In November 2013, hackers breached Target’s gateway server using stolen credentials from a third-party vendor. The hackers were able to access a customer service database, install malware on the system, and capture consumer data. Customer payment card accounts for more than 41 million and contact information for more than 60 million, including full names, telephone numbers, email and mailing addresses, payment card numbers and verification codes, and encrypted debit PINs, were compromised in the breach.

Notably, Target has agreed to much more than the monetary payments to the states. Through Target’s compliance with the settlement agreement, various state attorneys general project Target will set industry standards for secure credit card processing and customer data maintenance. According to the settlement terms, Target must adhere to several requirements, including: (1) developing, implementing, and maintaining a comprehensive information security program within 180 days designed to protect customer personal information; (2) employing an executive or officer responsible for implementing and maintaining the information security program; (3) developing and implementing policies and procedures for auditing vendor compliance with its information security program; (4) maintaining encryption protocols and policies; (5) complying with the Payment Card Industry Data Security Standard (“PCI DSS”) with respect to its payment card system; (6) segmenting its payment card system from its larger computer network; (7) deploying and maintaining controls to detect and prevent the execution of unauthorized applications within its point-of-sale terminals and servers; and (8) adopting improved, industry-accepted payment card security technologies, such as chip and PIN technology.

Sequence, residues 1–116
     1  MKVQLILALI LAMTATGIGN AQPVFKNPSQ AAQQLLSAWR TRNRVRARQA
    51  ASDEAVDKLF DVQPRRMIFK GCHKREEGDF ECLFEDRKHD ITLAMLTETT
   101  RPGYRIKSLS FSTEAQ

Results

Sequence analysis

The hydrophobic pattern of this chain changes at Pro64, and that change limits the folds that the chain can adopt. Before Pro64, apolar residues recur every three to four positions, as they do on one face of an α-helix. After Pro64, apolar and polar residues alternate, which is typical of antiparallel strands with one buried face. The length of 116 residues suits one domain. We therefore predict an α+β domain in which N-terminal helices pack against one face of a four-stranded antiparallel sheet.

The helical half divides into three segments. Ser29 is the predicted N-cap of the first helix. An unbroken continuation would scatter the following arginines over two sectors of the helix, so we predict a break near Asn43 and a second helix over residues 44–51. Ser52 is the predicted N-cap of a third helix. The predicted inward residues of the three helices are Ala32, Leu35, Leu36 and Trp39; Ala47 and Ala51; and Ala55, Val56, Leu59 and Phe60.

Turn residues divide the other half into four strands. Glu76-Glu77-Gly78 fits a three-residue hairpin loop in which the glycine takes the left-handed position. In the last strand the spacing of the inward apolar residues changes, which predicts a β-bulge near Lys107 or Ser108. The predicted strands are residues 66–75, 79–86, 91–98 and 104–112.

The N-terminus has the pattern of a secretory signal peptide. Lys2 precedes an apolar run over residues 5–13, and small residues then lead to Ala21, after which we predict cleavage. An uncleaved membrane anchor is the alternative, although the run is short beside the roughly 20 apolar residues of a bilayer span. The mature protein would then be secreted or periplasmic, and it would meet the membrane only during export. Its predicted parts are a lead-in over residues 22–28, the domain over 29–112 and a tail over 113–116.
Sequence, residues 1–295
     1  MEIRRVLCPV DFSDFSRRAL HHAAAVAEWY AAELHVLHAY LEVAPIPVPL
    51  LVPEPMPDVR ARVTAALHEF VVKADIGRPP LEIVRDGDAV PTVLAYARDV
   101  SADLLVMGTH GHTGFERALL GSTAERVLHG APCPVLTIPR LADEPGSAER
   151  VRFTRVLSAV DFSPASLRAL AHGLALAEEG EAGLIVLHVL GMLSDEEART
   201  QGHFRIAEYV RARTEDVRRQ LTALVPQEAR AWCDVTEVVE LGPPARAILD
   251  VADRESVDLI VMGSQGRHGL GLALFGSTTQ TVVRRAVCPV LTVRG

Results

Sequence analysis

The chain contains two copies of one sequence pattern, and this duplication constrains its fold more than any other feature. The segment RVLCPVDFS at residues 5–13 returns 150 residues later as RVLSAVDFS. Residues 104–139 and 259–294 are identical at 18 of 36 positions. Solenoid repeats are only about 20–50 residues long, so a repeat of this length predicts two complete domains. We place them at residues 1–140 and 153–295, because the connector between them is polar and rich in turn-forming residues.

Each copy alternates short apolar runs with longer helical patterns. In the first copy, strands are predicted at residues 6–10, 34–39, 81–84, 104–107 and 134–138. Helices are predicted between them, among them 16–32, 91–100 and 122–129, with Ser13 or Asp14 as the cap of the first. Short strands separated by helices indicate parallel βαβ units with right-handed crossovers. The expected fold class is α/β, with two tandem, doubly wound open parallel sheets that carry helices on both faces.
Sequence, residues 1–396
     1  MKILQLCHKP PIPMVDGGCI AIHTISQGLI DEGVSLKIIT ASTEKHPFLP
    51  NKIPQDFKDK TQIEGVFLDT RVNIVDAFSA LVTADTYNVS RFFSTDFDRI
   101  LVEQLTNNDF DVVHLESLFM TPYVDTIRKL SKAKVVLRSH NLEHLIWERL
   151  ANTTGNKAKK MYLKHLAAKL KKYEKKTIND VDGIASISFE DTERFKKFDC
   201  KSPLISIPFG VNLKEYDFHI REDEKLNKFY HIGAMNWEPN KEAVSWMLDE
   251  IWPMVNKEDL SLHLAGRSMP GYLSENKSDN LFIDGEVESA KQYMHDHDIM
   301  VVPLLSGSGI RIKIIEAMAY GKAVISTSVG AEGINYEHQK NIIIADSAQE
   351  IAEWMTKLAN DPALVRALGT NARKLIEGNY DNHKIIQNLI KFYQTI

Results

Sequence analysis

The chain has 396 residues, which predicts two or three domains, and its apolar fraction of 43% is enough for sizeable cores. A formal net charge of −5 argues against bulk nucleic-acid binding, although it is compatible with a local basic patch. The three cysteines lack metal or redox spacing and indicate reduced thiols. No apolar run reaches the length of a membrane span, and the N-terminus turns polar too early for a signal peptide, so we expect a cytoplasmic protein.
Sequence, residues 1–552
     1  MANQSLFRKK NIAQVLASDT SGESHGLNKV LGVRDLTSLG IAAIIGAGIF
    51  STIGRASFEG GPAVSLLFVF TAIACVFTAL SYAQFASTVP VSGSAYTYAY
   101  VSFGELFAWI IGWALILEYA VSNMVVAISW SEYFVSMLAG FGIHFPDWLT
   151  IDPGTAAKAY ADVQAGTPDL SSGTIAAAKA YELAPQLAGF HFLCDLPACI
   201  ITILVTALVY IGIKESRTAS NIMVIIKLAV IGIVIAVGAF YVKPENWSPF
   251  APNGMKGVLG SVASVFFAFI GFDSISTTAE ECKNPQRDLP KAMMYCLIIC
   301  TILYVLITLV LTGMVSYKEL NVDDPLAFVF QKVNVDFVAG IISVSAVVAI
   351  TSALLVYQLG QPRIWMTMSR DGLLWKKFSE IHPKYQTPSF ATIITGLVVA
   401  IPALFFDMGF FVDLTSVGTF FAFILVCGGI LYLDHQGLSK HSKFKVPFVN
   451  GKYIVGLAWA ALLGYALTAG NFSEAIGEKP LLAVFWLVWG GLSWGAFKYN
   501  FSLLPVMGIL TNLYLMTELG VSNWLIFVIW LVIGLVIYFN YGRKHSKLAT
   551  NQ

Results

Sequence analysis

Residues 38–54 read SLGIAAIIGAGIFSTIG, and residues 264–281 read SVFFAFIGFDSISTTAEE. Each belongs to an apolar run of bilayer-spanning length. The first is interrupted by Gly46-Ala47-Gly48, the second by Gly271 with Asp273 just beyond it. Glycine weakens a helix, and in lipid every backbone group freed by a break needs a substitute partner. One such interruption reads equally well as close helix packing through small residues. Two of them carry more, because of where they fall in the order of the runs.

Target has one year to obtain a third-party security assessment and report and provide the report to the Connecticut Attorney General’s Office.